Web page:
Thursday, October 14, 2004

Crown Mountain fall finale

I was looking for a way to bring my fall season’s climbing to a finale and considered a number of options for what promised to be a crystal clear autumn day.
I knew from experience that the high country snow and winds are just days away.
Top on my list was the Blindhorse Canyon with Guthrie Peak above it as the goal. It would have been to celebrate the BLM decision to pull back on the drilling permits there.
But, this is prime grizzly habitat and I’ve seen too many signs of grizzlies this fall, what with the berry crop failure, so I crossed it off my list.
I’d been thinking about Crown Mountain, elevation 8,401 fee up the Benchmark Road outside of Augusta, just inside the Scapegoat Wilderness Area. It had been 19 years since I last scaled this peak. With the short fall days I was looking for an area I could get to quickly, and offer the best scenery in a compact space while getting over 3,000 feet in elevation.
It is 52 miles to Augusta from Great Falls and the Crown Mountain trailhead is another 20 miles up the Benchmark Road.
I was there in an hour and a half.
There has been much improvement at the trailhead since last I climbed here. There’s a nice parking area, better signs, and a clear notion of what’s private and what’s public.
The three and a half miles to where Petty Creek Trail comes in is mostly in the timber, with an occasional clearing where you can look at Crown Mountain, aptly named because its massive cliffs are crown-shaped. It is a pretty steady pull and about 2,000 feet in elevation gain to that junction.
In one of the clearings you can see a large waterfall on Whitewater Creek, shooting off a cliff at the base of the mountain.
Before you climb into the saddle, which takes you around to the backside of the mountain, look up and study the mountain. You’ll see a possible route up through the scree on the mountain’s northeast face. That would be for another day.
While traveling up the trail I was also studying the bare, parallel ridgeline that runs to the west of the creek. I decided that if I could find a breach in the Crown Mountain cap on the west face, I would try to traverse to that ridgeline and follow it down.
Once you reach the Petty junction you enter the Scapegoat Wilderness Area and it is above timberline with stark blond walls of sedimentary rock rising hundreds of feet above you.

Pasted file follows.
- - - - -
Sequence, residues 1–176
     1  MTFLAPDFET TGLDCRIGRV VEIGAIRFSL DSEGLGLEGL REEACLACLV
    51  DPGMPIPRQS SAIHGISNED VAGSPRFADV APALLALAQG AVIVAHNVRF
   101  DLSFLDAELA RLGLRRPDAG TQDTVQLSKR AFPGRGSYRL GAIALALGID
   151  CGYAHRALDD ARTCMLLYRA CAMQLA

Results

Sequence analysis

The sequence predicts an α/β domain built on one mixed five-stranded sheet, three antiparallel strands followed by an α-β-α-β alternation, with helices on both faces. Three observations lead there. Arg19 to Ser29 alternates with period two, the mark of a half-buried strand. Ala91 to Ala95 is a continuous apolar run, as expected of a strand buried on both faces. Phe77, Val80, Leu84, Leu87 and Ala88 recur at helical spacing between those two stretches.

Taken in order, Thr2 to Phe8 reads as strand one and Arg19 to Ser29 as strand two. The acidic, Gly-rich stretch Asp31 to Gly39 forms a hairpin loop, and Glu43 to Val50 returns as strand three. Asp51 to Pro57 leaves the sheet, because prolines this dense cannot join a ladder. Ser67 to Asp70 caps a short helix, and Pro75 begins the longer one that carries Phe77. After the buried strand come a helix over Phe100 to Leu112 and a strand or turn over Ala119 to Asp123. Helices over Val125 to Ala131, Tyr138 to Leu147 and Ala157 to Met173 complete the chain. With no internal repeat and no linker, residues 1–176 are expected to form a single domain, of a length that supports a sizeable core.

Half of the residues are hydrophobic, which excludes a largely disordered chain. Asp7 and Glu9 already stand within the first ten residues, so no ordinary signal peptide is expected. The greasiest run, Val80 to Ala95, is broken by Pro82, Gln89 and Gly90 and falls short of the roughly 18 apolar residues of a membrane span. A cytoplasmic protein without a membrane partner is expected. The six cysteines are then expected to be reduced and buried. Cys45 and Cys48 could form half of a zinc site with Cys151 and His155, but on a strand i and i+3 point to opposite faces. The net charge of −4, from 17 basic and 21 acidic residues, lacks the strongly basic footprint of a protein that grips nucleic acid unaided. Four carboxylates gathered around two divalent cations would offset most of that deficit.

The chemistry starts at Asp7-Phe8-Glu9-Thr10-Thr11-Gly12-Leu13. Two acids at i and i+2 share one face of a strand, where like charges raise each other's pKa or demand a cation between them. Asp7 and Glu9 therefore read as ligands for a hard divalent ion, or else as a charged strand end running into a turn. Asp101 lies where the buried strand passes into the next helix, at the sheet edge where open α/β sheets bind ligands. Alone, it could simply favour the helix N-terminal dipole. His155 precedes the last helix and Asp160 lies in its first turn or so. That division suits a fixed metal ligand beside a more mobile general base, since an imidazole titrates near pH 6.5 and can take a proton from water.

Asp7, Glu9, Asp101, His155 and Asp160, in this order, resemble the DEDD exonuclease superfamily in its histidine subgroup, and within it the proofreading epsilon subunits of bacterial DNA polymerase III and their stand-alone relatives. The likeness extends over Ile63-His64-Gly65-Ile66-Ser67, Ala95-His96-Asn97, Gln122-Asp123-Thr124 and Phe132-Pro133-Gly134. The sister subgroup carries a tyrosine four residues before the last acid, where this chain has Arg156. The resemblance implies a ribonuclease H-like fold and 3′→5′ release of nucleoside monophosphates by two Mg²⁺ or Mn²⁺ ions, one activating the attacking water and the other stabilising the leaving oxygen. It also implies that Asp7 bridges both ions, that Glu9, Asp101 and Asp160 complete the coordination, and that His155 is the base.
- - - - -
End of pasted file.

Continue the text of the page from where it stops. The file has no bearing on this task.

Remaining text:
Once above a pile of loose rock the south ridgeline of Crown Mountain opens up like a fan.
I stayed to the right, got in the scree and began a 1,000 foot slog up, trying to get to the edge of the cliffs to make the walking easier and which would allow me to use my hands if I needed to.
At about 7,700 feet you can see over the other side and the views of Steamboat and Haystack Butte mountains are spectacular. Haystack sits like a sentry on the Great Plains.
The higher up you go the better the views become with the Sawtooth and Teton peaks of the Front coming into view and when you reach the top you’re able to look all the way across the Bob Marshall and Scapegoat Wilderness Areas. Scapegoat Mountain, with its high-cliff barrier reef is right in your face.
I was stunned by all of the red-colored mountains in the center of the Bob Marshall and vowed that I would plan trips to climb many of them.
As I had expected, there was a way down through Crown Mountains cliffs to the west and by staying just below those cliffs I discovered a good animal trail that led me to the ridgeline on the west side of Whitewater Creek.
The ridgeline climbs up and down several small peaks, none requiring more than 700 feet in elevation gain, and staying pretty consistently at about 8,000 feet for more than a mile.
Wood Lake on the Benchmark Road below me came into view, as well as Alpine Lake, hidden behind limestone folds.
When I hit the trees the traverse became a little more difficult because of rock outcroppings, cliffs and very steep terrain.
However, there were enough openings that I could see my way as the ridge took its twists and turns.
On several of the turns you could get views of Crown Mountain’s north face and I could make out the faint animal trail I had used.
Once again I saw the waterfall, this time from a different angle, and then it was down to the creek through the timber and up to the trail about a quarter-mile from the parking area.
The weather was so good, the views so spectacular, and the off-trail traverse so interesting that I’ll put this climb on my list for a repeat trip.

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